LUMBERTON — The Public Schools of Robeson County Board of Education decided Tuesday to make repairs and upgrades to the vacant R.B. Dean Elementary School, a portion of which burned earlier this month.
A building that once held classrooms at the vacant school caught fire on April 7. Also damaged was an adjoining structure that once held administrative offices. The gymnasium also had water and smoke damages, said Hugh McIlwain, PSRC’s director of Internal Affairs and Finance.
The N.C. Department of Insurance will pay the demolition cost and give about $1 million in cash value for the main building, which was damaged, McIlwain said.
The school board voted unanimously to accept Superintendent Freddie Williamson’s recommendation to demolish the building that once held classrooms, relocate the administrative offices and renovate the gym, to include updated bathrooms.
R.B. Dean-Townsend School was using the cafeteria to store food, and maintenance workers were using the gym to store items.
The school building was built in 1947, said Earney Hammonds, director of Maintenance. One other portion of the school was damaged by fire in 1975.
It will cost about $300,000 to about $350,000 to demolish the office and classroom building, Hammonds said. It would cost $225,000 to $250,000 to retain the administrative offices.
“I think it would behoove us to save the gym,” said Brenda Fairley-Ferebee, a school board member.
Fairley-Ferebee said she was unsure of what will happen with COVID-19 and having the building would give PSRC more space for educational purposes if needed.
“I think there should be some kind of Plan B to use these facilities if you’re gonna do all this replacing and fixing back,” Board member Linda Emanuel said.
Board member William Gentry said a community building should be placed at the existing site so groups can meet there.
“We can always have community meetings in that gym,” Fairley-Ferebee said.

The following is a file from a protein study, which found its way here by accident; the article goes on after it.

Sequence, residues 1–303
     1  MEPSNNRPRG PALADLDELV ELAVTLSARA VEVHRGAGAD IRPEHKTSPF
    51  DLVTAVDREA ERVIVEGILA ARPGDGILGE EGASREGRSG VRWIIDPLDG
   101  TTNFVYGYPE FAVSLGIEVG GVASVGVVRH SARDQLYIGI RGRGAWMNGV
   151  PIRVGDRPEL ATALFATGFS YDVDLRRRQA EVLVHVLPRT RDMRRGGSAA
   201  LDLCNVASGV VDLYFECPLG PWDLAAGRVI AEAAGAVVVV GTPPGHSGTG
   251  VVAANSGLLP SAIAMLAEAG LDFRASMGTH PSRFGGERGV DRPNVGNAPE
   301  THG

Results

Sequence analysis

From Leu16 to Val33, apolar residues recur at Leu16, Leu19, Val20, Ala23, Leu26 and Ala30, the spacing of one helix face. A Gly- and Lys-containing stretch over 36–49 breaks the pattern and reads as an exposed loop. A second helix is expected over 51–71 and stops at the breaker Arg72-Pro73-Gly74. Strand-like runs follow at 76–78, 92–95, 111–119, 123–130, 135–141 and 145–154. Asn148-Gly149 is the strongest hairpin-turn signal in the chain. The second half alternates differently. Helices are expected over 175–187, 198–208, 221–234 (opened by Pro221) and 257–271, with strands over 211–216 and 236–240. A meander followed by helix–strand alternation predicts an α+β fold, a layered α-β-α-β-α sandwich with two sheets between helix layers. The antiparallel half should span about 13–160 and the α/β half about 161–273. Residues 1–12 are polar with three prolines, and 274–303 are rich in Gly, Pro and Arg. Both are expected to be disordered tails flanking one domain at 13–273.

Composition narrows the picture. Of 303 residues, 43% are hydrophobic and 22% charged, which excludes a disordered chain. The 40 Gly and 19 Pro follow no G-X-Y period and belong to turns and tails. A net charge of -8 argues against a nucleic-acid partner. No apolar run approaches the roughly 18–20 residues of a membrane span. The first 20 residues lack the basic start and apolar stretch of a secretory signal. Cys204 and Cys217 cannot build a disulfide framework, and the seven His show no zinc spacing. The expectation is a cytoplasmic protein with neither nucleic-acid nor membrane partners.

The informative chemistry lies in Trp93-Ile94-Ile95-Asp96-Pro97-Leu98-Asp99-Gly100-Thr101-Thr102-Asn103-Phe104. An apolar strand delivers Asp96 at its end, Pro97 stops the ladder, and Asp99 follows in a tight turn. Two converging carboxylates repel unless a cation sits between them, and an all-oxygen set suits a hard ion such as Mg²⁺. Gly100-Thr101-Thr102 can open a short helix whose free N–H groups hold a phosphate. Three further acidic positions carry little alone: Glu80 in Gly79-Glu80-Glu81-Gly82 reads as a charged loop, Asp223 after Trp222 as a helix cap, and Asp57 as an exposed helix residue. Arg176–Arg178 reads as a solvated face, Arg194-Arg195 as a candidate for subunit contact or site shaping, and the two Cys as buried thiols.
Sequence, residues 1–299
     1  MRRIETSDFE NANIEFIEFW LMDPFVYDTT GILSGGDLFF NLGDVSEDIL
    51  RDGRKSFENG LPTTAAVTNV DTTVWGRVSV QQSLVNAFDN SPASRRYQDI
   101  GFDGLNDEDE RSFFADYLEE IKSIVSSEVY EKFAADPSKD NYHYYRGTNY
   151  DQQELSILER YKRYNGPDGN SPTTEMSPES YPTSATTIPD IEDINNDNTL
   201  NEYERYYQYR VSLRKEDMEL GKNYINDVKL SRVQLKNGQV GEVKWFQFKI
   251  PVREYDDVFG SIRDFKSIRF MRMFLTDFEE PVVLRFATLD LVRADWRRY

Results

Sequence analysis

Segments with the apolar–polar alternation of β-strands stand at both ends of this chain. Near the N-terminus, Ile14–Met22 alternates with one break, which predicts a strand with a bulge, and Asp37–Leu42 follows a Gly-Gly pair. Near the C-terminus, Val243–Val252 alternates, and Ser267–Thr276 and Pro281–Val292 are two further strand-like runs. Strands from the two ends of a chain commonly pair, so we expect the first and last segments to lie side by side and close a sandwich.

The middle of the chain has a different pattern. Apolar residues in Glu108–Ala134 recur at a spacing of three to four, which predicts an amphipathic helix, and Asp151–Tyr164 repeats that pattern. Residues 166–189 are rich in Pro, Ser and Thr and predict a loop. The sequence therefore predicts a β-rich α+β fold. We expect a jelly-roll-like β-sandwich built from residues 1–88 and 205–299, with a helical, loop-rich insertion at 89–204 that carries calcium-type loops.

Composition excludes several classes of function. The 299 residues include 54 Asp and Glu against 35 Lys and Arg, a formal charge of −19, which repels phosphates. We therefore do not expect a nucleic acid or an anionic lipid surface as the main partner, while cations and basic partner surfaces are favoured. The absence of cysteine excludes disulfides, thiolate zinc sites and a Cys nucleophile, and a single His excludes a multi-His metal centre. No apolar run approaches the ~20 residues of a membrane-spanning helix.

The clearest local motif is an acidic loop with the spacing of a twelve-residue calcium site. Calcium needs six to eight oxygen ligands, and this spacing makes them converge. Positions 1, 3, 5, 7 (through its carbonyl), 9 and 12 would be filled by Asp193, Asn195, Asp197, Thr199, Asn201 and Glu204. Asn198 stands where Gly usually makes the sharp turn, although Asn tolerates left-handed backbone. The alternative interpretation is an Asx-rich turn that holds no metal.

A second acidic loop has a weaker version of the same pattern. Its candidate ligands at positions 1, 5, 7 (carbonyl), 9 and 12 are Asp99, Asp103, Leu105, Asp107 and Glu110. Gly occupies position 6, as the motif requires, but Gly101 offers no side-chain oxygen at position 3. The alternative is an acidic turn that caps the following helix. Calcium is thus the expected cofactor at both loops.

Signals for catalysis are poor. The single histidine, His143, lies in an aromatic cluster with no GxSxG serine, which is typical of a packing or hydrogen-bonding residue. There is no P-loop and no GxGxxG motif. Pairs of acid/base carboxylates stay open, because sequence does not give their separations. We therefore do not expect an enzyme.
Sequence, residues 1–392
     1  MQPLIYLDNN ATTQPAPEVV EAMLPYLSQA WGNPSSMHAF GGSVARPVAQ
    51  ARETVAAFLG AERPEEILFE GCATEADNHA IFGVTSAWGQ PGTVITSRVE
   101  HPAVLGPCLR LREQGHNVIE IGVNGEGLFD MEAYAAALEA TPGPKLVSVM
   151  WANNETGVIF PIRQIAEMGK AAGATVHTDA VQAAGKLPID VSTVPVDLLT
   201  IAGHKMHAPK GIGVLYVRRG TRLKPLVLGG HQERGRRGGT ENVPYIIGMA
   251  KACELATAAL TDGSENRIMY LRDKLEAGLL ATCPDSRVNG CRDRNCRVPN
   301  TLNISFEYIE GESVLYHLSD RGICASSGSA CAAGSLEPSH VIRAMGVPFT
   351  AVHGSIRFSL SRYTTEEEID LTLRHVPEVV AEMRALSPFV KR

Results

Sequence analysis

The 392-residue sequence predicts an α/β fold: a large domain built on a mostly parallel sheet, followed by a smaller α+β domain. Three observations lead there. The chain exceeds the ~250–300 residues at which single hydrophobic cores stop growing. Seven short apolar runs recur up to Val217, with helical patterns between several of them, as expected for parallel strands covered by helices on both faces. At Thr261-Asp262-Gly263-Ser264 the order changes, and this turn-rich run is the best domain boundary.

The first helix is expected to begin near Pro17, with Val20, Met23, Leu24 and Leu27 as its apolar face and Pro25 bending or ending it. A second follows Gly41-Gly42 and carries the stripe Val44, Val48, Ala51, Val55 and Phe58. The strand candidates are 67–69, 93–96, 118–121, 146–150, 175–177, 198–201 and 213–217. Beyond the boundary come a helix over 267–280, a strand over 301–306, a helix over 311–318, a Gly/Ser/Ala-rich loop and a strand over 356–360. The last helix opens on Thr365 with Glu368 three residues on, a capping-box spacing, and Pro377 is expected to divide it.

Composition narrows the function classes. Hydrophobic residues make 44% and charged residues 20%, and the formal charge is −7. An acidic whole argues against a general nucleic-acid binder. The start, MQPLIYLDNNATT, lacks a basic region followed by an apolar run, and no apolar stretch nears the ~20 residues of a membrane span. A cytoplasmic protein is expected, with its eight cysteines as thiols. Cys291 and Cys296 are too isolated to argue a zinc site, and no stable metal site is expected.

The school board gave unanimous approval to a $1-a-year lease agreement, with utility and insurance reimbursements, for Robeson Community College to use Green Grove Elementary School’s campus. The college asked to use the media center, which will bring the total amount to three buildings used by the college on the school’s campus.
Erica Setzer, PSRC finance officer, brought good news before the board, stating that capital funds and Child Nutrition funds are in great shape. The pandemic has minimized costs, which have helped PSRC, she said.
This year is the first time in her 21 years with the school system that she hasn’t had to use ABC transfers to supplement expenses for transportation, Setzer said.
Also approved Tuesday was an agreement with the N.C. Department of Environmental Quality’s Division of Water Resources that allows the agency to check groundwater at Littlefield Middle School, and Magnolia, Rex-Rennert and Southside-Ashpole elementary schools.
Board members also received an update about Canvas, which is a software students in grades three through 12 use to complete online assignments.
Stephania Burton, district Instructional Technology facilitator, said of the 16,000 students served, about 14,757 are active users, according to data collected for the month of March. The mobile Canvas app had 4,406 active users.
Canvas training for teachers in grades kindergarten through second will be held this summer, so all students can learn through the same software in the fall semester, said Robert Locklear, assistant superintendent of Curriculum, Instruction and Accountability. Those students currently use Google Classrooms.
Board members also were told that 12,000 computers have been ordered.
“Although we have some schools that have extras, there are some schools that may not have any, you know, to loan out,” Locklear said.
Those inquiries are made to PSRC’s media supervisor and director of technology when devices are needed, he said.
In other matters, board members approved the PSRC School Calendar for 2021-2022. The calendar will include 93 days in the first semester and 83 in the second semester.
Also approved was allowing students to take 2020-21 End of Course tests again in the summer if the N.C. Department of Public Instruction approves PSRC’s request to offer it.
The school district asked the state for five extra days for testing in the current academic year to allow more devices to come in and for more students to return to campus in a safer environment for testing, said Bobby Locklear, executive director of PSRC’s Testing Center. The last day of school is May 28.
“Instruction will continue over those final 15 days for elementary and middle and final 10 days for high school,” Locklear said.
All end-of year assessments will be administered online, he said.
“Kids must be on campus for these tests,” Locklear said.
Also approved Tuesday was support for myFutureNC.
myFutureNC is a nonprofit that seeks to achieve the goal of 2 million people in the state’s workforce with post-secondary degrees by 2030, according to its website.
After board members emerged from a closed session, they approved the extension of 10-month employees to 12-month, permanent employees. Mentioned were 12 employees who serve in various roles, such as program specialists, instructional technology facilitators, and more.
The meeting was recessed to until 6 p.m. Tuesday for the discussion of matters related to the summer learning plan, audit contract, personnel, and more.